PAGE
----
Zoning Code

We use a set of rules called the Minneapolis Zoning Code that helps us ensure that land is used and developed in the right way.


The rules set in the Minneapolis Zoning Code are part of a bigger plan for how the city should grow and change over time. They aim to make sure everyone receives fair treatment and has a good quality of life. 

The rules cover: 

  • How big buildings can be
  • What types of businesses can open in different areas

The city is divided into different areas, or zoning districts. Each area has its own rules on what you can build and how it is used. 

Some zoning districts allow one kind of use, like residential or industrial. Most zoning districts allow a mix of uses such as:  

  • Residential
  • Institutional
  • Medical
  • Commercial
  • Industrial

You must follow the rules when building something new or making changes to your property. You may need a public hearing before starting.

See Minneapolis Code of Ordinances, Title 20

Zoning districts and maps

The zoning regulations specify the uses allowed and development standards for each zoning district. There are three kinds of zoning districts: 

  • Primary district
  • Built form overlay district
  • Overlay district

All property in the city is in both a primary district and a built form overlay district.  The zoning maps show the location of each primary, built form overlay, and overlay zoning district.

Primary districts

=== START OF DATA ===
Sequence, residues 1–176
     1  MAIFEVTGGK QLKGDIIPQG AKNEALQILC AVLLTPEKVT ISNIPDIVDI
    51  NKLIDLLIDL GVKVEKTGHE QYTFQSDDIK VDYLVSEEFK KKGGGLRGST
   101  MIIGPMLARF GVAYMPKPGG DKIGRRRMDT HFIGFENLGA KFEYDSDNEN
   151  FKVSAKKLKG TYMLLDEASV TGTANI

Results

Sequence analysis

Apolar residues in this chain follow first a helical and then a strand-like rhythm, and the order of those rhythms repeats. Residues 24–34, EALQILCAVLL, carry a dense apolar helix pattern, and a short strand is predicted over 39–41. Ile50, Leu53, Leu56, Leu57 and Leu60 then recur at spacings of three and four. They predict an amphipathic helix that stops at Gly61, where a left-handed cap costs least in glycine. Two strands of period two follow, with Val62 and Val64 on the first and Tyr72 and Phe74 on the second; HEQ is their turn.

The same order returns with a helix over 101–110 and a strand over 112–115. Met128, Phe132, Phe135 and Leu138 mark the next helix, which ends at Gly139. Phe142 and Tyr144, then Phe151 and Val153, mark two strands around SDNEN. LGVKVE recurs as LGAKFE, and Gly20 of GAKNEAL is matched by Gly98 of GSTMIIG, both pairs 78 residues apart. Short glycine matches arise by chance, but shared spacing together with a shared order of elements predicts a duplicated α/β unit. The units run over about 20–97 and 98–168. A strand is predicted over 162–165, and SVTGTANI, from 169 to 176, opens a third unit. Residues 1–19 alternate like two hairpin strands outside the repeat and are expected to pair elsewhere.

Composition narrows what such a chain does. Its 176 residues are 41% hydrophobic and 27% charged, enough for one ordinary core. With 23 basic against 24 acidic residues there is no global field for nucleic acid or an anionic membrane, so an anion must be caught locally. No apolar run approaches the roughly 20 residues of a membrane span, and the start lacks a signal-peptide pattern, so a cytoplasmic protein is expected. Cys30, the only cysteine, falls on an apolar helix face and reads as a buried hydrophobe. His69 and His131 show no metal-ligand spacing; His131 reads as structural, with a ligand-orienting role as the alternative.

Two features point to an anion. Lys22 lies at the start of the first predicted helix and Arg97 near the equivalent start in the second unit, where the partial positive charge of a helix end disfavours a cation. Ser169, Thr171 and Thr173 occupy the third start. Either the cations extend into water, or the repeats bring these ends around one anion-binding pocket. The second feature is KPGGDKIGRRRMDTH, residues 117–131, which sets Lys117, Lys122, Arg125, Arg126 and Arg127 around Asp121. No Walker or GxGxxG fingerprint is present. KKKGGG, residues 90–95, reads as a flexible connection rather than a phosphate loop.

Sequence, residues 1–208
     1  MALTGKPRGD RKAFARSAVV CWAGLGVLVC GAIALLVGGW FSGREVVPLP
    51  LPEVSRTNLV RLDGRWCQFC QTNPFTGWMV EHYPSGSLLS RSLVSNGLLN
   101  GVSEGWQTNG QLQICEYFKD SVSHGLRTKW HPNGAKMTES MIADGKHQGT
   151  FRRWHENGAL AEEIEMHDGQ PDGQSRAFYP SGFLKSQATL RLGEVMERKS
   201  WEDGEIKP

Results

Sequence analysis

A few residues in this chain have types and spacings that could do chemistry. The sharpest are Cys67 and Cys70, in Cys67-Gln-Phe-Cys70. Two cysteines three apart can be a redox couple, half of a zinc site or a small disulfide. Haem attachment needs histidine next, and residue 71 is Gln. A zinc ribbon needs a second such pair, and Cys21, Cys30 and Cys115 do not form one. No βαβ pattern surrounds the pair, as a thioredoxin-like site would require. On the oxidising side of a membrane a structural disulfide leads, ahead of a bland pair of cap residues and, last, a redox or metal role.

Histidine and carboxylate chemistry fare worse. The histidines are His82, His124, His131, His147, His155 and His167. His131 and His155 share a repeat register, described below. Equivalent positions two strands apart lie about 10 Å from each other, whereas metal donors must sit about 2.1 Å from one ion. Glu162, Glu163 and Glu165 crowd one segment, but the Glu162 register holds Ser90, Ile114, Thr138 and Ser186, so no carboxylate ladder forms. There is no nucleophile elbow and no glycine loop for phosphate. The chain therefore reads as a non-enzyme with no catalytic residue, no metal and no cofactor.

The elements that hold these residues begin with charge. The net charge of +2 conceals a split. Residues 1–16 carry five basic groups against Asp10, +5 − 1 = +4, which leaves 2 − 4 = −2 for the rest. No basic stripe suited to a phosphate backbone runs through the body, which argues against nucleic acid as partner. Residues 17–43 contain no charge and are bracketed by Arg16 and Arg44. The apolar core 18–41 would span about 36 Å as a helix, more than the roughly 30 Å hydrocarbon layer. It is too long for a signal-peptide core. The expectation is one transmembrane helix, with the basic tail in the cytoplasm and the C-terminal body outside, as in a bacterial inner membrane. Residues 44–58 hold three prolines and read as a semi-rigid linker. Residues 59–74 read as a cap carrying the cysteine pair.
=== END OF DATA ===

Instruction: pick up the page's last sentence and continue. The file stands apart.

A primary district is any of several urban neighborhood, residential mixed-use, commercial mixed-use, downtown, production or transportation districts. All property within the city is included within a primary zoning district. These districts determine what uses are allowed in each area of the city. In the zoning code, these districts are described in Chapter 530. Regulations for where uses are allowed are described in Chapter 545.

Built form overlay districts

A built form overlay district is any of several interior, corridor, transit, core, production, and parks overlay districts that are established to guide the scale of development in a manner that aligns with the planned development patterns of each district by regulating features such as building height, floor area, yards, lot coverage, impervious surfaces, and lot sizes. In the zoning code, these districts are described in Chapter 540.

Overlay districts

An overlay district is any of several additional districts established by the zoning regulations that may be more or less restrictive than the primary or built form overlay zoning district. Where a property is located within an overlay district, it is subject to the provisions of the primary zoning district, the built form overlay district, and the overlay district. Where the provisions are in conflict, the overlay district from Chapter 535 governs.

Overlay districts are established to preserve and protect the natural environment, to encourage high quality design, to address the development of uses with unique impacts, and to protect the public health, safety and welfare by preserving areas for future use and development. In the City's zoning code, these districts are described in Chapter 535.

Contact us

Zoning Administration

Community Planning & Economic Development


Public Service Building
505 Fourth Ave. S., Room 320
Minneapolis, MN 55415